[Pulp-dev] Task responses in Pulp 3

Michael Hrivnak mhrivnak at redhat.com
Tue Nov 28 04:42:10 UTC 2017

On Mon, Nov 27, 2017 at 9:52 AM, David Davis <daviddavis at redhat.com> wrote:

> In Pulp 3 do we want to return a single task or list of tasks for
> endpoints like sync, publish, etc?

Thanks for raising this. I noticed the same recently and wasn't crazy about
it either.

> # Background
> Currently all task responses are lists of tasks in Pulp 3. For example, if
> you call the sync endpoint, you get a list of one task back that tracks the
> progress of the sync. Allowing a list of tasks allows Pulp to return
> multiple user facing tasks with a single operation. Currently, all
> endpoints that produce tasks currently will produce exactly 1 task. So why
> add a list now if it only contains 1 item? With Pulp's REST API being
> semver governed from the 3.0 release, we couldn't ever return multiple
> tasks in Pulp < 4.0 because changing a single item to a list would be
> backwards incompatible in the REST API.

The only use case that comes to mind from Pulp 2 is applicability. Client
hits an endpoint requesting lots of recalculation, the request handler
batches up that work into several tasks, and the response could include
references to those tasks. But as you point out below, Pulp 2 uses task
groups to handle that use case.

> # Going Forward
> Returning a list of tasks creates a somewhat suboptimal user experience
> where users have to query multiple endpoints to know if their job is done.
> Maybe we should do this differently. Perhaps anytime an operation needs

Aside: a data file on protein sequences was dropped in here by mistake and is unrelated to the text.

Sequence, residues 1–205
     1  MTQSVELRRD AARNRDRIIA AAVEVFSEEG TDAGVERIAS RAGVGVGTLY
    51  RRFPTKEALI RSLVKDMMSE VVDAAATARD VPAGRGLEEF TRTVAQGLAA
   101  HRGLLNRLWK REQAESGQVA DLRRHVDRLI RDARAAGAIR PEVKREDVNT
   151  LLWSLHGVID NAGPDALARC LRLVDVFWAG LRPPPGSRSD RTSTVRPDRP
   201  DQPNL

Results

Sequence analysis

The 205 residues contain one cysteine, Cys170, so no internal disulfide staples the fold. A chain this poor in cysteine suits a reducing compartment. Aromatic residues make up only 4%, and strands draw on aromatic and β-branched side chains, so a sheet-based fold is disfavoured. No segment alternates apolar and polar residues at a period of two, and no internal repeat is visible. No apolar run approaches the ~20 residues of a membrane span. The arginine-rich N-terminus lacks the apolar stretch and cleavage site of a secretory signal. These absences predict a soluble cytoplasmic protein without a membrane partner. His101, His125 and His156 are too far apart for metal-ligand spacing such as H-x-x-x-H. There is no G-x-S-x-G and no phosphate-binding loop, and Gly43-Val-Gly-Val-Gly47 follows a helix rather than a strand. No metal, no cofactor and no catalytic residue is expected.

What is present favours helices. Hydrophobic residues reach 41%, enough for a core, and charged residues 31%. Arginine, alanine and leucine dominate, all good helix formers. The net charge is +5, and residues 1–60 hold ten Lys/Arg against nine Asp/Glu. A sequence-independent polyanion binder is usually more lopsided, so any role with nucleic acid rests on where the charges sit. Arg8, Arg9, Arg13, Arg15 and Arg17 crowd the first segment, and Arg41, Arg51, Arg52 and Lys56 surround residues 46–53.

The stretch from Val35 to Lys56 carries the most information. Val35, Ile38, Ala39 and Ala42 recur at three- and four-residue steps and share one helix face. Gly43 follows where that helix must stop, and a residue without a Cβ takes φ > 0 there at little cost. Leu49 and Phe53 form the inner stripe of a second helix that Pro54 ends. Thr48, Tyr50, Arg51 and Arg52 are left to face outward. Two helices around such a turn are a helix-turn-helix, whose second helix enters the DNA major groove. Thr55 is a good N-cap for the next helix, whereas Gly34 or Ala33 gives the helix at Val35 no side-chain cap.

> multiple tasks, we should have a single task tracking them because that is
> a better user experience.

You could have a single task that runs and then does whatever is necessary
to spawn child tasks. The problem is that if you have a backlog of tasks,
all the spawned tasks go to the back of the line, roughly doubling the
amount of time spent waiting for an available worker.

You could have a single task that's in waiting state and already has child
tasks, which were queued by the original http request handler. That would
change the meaning of child tasks to go beyond just tasks created by the
parent task, but it is not unreasonable.

> This is effectively the "group tasks" concept we had in Pulp2 that we have
> left out of Pulp3 currently. The user would monitor a single task which
> shows counts of 'done' and 'not done' or something like that. With counts
> though, you wouldn't know which of the tasks are done and not done; maybe
> in addition to, or as a replacement of, 'spawned_tasks', the viewset could
> be split into 'finished_spawned_tasks' or 'unfinished_spawned_tasks'. I
> don't like these names, but you get the idea.

In Pulp 2 we have a "task group" concept. It's just a simple way to
identify that a collection of normal tasks are members of a group, and you
can track a single summary endpoint that shows how many of those tasks are
in each state. It's simple and effective. At the REST level, a request
handler generates a response with a reference to a group instead of a task.
A client can then easily query for tasks in the group and track/present
their individual states and progress as it sees fit.

> Always returning a single task could paint us into a corner or it could
> force us to provide a better user experience. Thoughts?
I would avoid overloading the task concept and instead build in the
expectation that a 202 response can include a reference to a single task or
to a task group, using normal REST constructs (media types or named hrefs
for example) to identify what is in any given response. That would keep
data structures focused on simple and clearly-differentiated problems while
retaining API flexibility.


Michael Hrivnak

Principal Software Engineer, RHCE

Red Hat
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